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Friday, November 19, 2010

Life is tough @Cornell especially as international student

It is almost at the end of my 1st semester at Cornell and it is the worst timing of the season. The projects are pilling up, due dates are around the corner, exams are indefinitely coming soon in 2 weeks' time and the contents of every courses are extremely difficult. Well, everyone would say this is what a graduate life should be and it is always more challenging than undergraduate. I do agree with that but the expectation is so high here and the pressure is just so intense that there are a few people who blackout  in labs or while working on projects.

After being here for a few months now, I can definitely say that Computer Science and Engineering at Cornell is extremely difficult, and these words actually came out from the ex-Cornellian who did their undergraduate here. The projects and exams are all super difficult but yet they are interesting if the professors actually covered them in classes. The problem here is the professor assumes that it is your responsibility to search and figure it out yourself and they won't cover them in classes. Well, there is good and bad here and i hated the way when it is a total new content for you and when you go to the office hours of the teaching assistants, they are not entirely helpful and they would just bombarded you with "why not you tell me this..., or think about this..." and why can't they just explain how should i look into and give me some idea what the whole thing is about. I know they do not want to spoon-feed the students but come on, everyone is a student, and I made it clear it is totally new thing and i did try searching in the website to understand it, but can't you help to explain to me as i do not understand the whole picture.
The worst part is when you are an international student who did undergraduate in other places, the whole situation just get worst. It got worst because we have different background based on the different syllabus being taught, and the culture cum the language being used here...as the slang or the local terms here are so new to us. The worst part is that the professor would assume all the students know everything as he thinks that the students did their undergraduate at Cornell. And he would just say you already known this from "xxxx" class and it is the same..and then some of us would just go blank (the international students) and we have to figure it out on our own.
Well, I know it's tough and i can't complain as I just have to work harder. But it's not just about working harder...i have worked very hard....studying and working on projects 24 hours a day except for 3-4 hours of sleep...and the work is never ending and the time is so limited. It's really stressful here and sometimes i would think why would i need this....is this for my future career? (i do not really need this as I have my career) and is this for my better life? Well i do not think this will provide me better life after graduation except of getting a Master degree. My earlier thought was to learn and expose myself to the new technology as US has the fastest yet latest technology, but after being here...makes me think getting back to school to experience this is a silly thing to do as i can see...it makes no different that students/people here are all competing to get good grades for better career and life...so it is very restrictive.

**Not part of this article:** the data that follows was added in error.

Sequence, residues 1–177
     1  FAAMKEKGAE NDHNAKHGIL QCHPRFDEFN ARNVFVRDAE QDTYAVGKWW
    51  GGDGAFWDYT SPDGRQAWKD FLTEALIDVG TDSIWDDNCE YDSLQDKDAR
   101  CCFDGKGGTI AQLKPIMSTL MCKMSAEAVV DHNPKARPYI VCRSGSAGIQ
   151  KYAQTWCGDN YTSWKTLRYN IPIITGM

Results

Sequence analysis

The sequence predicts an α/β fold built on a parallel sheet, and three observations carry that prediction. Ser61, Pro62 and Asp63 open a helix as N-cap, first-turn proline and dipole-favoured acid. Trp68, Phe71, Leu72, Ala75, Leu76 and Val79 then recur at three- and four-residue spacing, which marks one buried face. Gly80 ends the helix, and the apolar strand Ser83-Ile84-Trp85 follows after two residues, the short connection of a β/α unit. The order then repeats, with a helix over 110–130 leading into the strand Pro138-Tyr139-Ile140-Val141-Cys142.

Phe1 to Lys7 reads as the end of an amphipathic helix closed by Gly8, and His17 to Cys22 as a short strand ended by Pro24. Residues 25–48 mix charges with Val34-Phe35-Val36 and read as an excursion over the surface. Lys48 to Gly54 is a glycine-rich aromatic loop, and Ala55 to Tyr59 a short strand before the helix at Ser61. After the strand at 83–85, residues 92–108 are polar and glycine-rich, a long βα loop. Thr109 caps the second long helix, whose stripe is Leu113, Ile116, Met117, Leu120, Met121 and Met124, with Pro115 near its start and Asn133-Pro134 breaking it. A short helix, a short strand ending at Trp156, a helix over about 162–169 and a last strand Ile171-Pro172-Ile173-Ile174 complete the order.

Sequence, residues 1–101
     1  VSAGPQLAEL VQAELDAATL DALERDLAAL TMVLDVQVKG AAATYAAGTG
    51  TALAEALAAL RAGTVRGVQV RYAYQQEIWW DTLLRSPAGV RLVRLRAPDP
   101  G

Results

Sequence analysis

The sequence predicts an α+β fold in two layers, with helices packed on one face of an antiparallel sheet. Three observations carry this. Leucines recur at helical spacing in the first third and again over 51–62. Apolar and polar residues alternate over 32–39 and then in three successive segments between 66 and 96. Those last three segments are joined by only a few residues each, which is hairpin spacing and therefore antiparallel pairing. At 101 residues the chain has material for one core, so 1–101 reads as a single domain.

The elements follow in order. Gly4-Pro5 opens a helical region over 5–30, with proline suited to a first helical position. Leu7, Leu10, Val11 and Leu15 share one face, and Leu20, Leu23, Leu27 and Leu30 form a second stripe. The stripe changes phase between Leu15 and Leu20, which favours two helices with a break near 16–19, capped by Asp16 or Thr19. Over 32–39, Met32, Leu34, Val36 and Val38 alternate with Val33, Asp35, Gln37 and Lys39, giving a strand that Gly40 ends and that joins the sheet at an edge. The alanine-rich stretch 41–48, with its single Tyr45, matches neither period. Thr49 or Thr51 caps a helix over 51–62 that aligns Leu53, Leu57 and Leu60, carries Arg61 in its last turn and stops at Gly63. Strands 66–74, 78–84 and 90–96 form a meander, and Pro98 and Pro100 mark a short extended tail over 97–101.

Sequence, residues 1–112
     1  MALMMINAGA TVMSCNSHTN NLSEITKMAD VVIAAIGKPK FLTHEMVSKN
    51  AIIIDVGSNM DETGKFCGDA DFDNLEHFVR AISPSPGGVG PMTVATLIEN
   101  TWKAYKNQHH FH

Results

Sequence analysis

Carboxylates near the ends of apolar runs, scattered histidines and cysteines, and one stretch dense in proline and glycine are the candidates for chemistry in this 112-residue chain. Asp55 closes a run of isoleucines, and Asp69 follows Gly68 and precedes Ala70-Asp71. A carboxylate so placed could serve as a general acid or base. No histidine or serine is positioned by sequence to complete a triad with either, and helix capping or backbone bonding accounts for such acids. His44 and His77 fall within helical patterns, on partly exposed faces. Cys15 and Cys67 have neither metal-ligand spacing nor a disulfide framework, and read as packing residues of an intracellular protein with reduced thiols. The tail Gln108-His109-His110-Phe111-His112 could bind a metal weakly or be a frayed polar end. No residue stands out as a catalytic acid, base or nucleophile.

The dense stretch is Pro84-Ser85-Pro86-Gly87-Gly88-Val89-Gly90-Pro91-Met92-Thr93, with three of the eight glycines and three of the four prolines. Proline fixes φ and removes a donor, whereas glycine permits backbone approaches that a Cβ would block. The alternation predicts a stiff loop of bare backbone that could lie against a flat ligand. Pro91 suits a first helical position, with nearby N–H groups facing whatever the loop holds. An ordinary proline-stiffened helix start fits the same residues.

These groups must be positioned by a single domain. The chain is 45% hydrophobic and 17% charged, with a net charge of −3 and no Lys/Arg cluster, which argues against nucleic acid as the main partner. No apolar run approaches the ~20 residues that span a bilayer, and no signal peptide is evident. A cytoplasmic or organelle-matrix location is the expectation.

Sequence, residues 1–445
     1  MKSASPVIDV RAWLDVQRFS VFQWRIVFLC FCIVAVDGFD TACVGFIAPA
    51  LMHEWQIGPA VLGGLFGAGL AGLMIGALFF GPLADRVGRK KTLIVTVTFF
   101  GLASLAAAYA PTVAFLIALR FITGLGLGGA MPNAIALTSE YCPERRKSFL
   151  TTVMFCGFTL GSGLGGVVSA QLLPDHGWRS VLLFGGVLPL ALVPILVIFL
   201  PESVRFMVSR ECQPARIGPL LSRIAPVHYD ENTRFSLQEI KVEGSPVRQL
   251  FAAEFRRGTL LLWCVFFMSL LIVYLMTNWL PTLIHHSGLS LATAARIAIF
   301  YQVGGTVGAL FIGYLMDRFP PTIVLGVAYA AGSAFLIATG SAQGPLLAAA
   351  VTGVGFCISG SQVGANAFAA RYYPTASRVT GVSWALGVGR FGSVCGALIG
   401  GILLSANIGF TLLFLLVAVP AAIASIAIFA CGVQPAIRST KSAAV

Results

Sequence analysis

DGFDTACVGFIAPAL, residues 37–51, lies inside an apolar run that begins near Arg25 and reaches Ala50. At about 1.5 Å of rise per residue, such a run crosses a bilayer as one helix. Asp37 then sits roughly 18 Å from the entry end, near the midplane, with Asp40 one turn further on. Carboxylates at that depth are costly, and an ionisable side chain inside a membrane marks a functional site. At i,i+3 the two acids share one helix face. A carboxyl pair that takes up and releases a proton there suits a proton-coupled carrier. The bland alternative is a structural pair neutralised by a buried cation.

And the students here especially the locals and the undergraduates are so selfish and ignorant. They would just compete among themselves and not sharing any information when you need some help. It is really sad...cause though they are super smart but the interpersonal personality is so bad and I really dislike the students here. On the contrary, the international students are more helpful and they tend to help each other cause they know it's tough and we tend to share and back each other up. So sometimes, the locals here or the people should not stereotype why international students tend to stay together because the locals are the one who create this environment.
Anyway, I will continue to strive no matter how miserable and difficult life is here...i just wish that i won't do so badly in this semester...but it is really eye-opening to experience the different culture, lifestyle, the people here and their perception.

1 comment:

  1. Hi Irene, I've been following your blog and have been interested to hear your stories from studying in the US. I'm sorry to hear things are getting tough - I know it's a wall that a lot of people hit when they get towards the end of the semester, and I can imagine it's much more difficult for international students who are already dealing with language and cultural barriers in addition to just the academic challenges. But I hope it will make you feel better to know you're not alone. Here's one perspective on how difficult grad school can get: http://blogs.voanews.com/student-union/2010/10/20/you-can-sleep-when-you%E2%80%99re-dead-keeping-the-schoollife-balance/ and if you check back at http://blogs.voanews.com/student-union next week, Tara from China is working on a post about the particular language/culture challenges she's faced studying in the US. I also posted a link to this post on my blog, because I think other students will benefit from hearing about your experiences. Good luck with everything!

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